Just my luck to be seated on the LEFT side of the plane as it headed up the Hudson toward LaGuardia – the Manhattan skyline shining through the windows on the RIGHT side of the plane. I was seated well behind the wing, too, and so couldn’t really see what was coming; Liberty Island was already behind me before I even realized it was there. I’ve never actually been to Liberty Island, I think I’ll put that on the itinerary…
Remember when I was writing about “Music 3.0“?
Of course you don’t, that was almost 10 years ago, before I folded “celestialjukebox.org” into one of the archived elements of this CohesionArts website.
My idea of “Music 3.0” (there are others, but they’re not nearly as prescient or comprehensive… 😜) was the culmination of what I still occasional refer to as my “Grand Nebulous Theory of The Future of Music” – a concept both “grand” and “nebulous” because, while I think the historical trajectory offers some useful clues, I don’t really have a solid grasp of the ultimate destination.
Whatever the ultimate destination, I think I walked into a fresh landmark along the route this past Saturday when I spent the afternoon at the City Winery in Nashville for something called the “Guitar Mash.”
The concept is hard to describe, but is summed up in the project’s stated mission to “change the way you experience music.” Follow this link to get a better idea of the concept (simplified version here).
As I wrote in a Facebook post the following day:
I got to be present for – and photograph – a rather extraordinary event yesterday at City Winery.
It’s called the “Guitar Mash.”
It starts with a “house band” of A-List musicians – like Jerry Douglas on dobro, Mark Stewart (musical director for Paul Simon, among other things), Victor Krauss on bass, Larry Atamanuik on drums and John Deaderick on keys.
As the afternoon unfolded, the band was joined on stage by featured players including the likes of Brent Mason, Keb Mo, and John Oates.
But the really unique feature is: the audience is encouraged to bring their own instruments and… ohmigod… play along with the stars! Chord-and-lyric charts are displayed on the video screens and “Chord Coaches” (from the W.O. Smith School) wander the audience helping the guests suss out what they’re trying to play.
There will be more to come after I’ve sorted through all the files, but this morning I want to share this one shot of MV Gauthier, as she performs Woody Guthrie’s “This Land Is Your Land” and looks out at a venue full of people playing and singing along with her. Her reaction here captures the entire essence of the event. Long story short, it was a blast for every one.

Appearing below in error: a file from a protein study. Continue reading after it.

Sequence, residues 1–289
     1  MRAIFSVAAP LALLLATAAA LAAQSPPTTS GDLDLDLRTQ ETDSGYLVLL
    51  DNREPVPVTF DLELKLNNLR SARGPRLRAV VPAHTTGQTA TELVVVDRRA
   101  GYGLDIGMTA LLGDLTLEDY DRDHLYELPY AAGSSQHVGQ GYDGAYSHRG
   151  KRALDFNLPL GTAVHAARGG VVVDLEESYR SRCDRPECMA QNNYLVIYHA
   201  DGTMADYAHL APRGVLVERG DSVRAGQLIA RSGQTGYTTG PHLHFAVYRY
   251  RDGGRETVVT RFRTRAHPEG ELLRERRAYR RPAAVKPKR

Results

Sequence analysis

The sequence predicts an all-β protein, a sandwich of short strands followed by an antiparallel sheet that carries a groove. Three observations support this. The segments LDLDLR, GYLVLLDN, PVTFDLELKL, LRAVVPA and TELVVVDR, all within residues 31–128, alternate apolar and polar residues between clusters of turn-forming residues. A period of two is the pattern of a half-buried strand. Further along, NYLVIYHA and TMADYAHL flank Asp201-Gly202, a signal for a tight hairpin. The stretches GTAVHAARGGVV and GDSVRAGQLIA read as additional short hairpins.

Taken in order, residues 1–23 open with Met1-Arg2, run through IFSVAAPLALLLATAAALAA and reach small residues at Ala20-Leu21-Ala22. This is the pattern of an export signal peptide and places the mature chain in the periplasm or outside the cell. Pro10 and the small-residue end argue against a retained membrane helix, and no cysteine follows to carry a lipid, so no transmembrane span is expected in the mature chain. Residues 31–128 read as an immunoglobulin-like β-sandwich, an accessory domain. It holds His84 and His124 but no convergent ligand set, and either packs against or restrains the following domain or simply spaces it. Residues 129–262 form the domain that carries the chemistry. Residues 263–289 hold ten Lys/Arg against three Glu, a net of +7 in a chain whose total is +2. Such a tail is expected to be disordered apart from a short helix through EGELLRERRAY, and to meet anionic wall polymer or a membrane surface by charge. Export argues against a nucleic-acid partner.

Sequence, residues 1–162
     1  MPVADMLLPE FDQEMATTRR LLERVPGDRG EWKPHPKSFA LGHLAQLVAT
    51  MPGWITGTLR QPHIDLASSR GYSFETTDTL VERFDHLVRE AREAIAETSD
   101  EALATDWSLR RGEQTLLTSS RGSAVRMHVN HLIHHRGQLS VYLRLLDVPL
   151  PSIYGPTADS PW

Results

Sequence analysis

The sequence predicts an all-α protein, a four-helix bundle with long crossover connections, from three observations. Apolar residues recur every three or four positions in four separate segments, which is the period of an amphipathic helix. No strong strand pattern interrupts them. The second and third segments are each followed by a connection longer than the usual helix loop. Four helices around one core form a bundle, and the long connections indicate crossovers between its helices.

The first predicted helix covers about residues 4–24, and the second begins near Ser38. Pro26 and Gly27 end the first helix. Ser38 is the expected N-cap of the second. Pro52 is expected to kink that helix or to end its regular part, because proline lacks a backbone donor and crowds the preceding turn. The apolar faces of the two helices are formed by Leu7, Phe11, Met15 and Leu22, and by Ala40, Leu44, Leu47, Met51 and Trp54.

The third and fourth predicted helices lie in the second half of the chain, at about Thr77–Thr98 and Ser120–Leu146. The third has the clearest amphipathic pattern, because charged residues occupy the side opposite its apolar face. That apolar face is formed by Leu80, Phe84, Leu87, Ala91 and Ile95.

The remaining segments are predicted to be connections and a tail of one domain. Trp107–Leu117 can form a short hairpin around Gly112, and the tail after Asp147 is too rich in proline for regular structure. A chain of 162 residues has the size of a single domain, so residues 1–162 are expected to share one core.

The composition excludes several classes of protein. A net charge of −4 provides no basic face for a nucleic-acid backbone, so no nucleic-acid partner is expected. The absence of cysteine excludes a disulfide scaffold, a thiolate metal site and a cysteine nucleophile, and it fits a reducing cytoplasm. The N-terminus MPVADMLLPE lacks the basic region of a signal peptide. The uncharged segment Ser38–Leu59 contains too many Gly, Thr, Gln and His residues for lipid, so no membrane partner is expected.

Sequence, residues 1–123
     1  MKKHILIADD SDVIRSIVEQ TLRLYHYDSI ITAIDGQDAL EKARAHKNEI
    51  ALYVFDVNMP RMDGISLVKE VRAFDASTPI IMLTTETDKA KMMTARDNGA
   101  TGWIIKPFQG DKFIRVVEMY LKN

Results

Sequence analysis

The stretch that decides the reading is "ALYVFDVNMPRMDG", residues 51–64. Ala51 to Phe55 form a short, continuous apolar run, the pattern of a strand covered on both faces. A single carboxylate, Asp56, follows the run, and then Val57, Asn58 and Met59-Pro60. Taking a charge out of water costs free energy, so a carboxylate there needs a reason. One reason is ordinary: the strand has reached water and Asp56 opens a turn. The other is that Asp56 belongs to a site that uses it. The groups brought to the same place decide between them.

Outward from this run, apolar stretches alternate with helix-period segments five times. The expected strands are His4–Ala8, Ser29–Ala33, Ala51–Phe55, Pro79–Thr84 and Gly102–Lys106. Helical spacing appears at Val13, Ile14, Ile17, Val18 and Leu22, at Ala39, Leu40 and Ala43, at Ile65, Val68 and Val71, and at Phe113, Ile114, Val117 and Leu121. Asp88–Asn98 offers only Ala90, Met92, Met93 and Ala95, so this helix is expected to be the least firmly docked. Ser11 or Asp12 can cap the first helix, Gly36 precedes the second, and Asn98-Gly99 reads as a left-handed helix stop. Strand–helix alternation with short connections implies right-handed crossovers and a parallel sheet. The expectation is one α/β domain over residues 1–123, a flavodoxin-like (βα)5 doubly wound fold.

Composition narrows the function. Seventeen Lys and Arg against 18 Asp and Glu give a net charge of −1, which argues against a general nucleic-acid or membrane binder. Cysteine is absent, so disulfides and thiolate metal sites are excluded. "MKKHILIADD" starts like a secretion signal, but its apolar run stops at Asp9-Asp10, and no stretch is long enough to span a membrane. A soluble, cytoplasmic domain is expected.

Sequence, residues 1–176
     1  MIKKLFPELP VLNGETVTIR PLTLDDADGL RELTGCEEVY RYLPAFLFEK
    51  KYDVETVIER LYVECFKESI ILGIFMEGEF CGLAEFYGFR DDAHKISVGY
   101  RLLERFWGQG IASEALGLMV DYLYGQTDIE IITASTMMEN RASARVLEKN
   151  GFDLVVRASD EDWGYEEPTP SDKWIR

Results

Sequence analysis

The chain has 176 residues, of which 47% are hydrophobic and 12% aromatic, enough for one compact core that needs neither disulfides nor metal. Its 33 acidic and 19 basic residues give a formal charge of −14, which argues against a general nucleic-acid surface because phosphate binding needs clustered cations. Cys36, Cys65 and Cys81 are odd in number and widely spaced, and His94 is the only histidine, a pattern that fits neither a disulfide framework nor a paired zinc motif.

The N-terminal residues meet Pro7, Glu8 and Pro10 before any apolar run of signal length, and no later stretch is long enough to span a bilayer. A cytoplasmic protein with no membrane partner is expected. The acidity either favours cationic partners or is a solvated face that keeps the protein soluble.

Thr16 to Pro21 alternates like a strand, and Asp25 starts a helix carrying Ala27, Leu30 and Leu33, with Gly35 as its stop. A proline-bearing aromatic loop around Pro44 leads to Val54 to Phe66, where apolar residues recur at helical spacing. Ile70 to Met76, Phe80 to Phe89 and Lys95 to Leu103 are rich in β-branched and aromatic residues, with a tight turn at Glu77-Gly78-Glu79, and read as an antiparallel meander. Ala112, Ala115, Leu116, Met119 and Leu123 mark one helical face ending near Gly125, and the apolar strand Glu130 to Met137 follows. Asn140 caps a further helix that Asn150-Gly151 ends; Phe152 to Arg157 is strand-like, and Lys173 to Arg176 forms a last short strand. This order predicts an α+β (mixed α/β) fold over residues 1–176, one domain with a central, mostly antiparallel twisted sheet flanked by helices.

While technology continues to disrupt the “virtual” music business, I felt like this was an indication of what’s possible in the “real” world of music: empowering more people to make music themselves. I kinda think Mary is catching that spirit in this moment and realizing what a wonderful thing that could be.
It oddly frustrates me sometimes when I go to a concert or a club, and there is so little for the audience to do. The performers put their best effort into a song, and the rest of us sit there and repetitiously flap our hands together in appreciation. Rinse and repeat. I don’t know that there is any viable alternative to that, but here’s a venue full of people doing something other than waiting for their chance to applaud:
Digital Caveats re: the above slideshow: I’m having some issues with ZenFolio – my web gallery/service provider – over their continued reliance on Adobe Flash for these slide shows. 10 years after Steve Jobs wrote the epitaph on Flash, ZenFolio only lets me create an “embeddable” slideshow if I use Adobe Flash. HTML5 has been the de-facto standard for nearly a decade, but when I try to embed the HTML5 version of this slideshow in my WordPress post, only half of the images appear in an otherwise half-black screen. I love ZenFolio, but this one rates a big WTFF? I don’t have Flash on my new MacBook Pro, so I have no idea if the embed above works or not. If not, follow this link to see the entire gallery; there is a button to display the HTML5 slideshow in the upper right corner of the gallery page.
…lays down some sonic textures for Maya De Vitry at The Basement in Nashville – March 26, 2018.
…as in the rabbit….
So began a letter that my father, Harvey Schatzkin, wrote to Macy’s in the winter of 1946 – four years before I was born.
He and wife Ellen were living at the time in an “inflated white house” in Milltown, New Jersey – building their lives together on the early fruits of America’s post-war prosperity. For a vehicle, they owned a surplus Army Jeep, and as they assembled their household, they purchased a lot of stuff from Macy’s Department Store in New York City.
Problem was, Macy’s kept delivering their purchases to a factory on the other side of town.
So my father wrote Macy’s a letter.
Letter-writing was one of my father’s talents. For decades now, I have been sitting on a trove of letters, essays and stories that he wrote. All along I have been thinking I might one day do something with them. It seems that day has arrived.
Uh, Honey? I don’t think the GPS is gonna be much good in another mile or so… .
Over the next few weeks I’ll be digging into my “Portals of Stone” collection, a series of composite images that blend “the infinite and eternal with the ancient and ruined.”
The series was inspired by a visit to southern Scotland and Northern England in the spring of 2013. When I wandered among the ruins, I felt “the pull of time and space.” When I wanted to convey that experience in the two dimensions of a photo, I struck on the idea of blending my photos with starscapes from the Hubble Telescope (which, conveniently are all public domain!).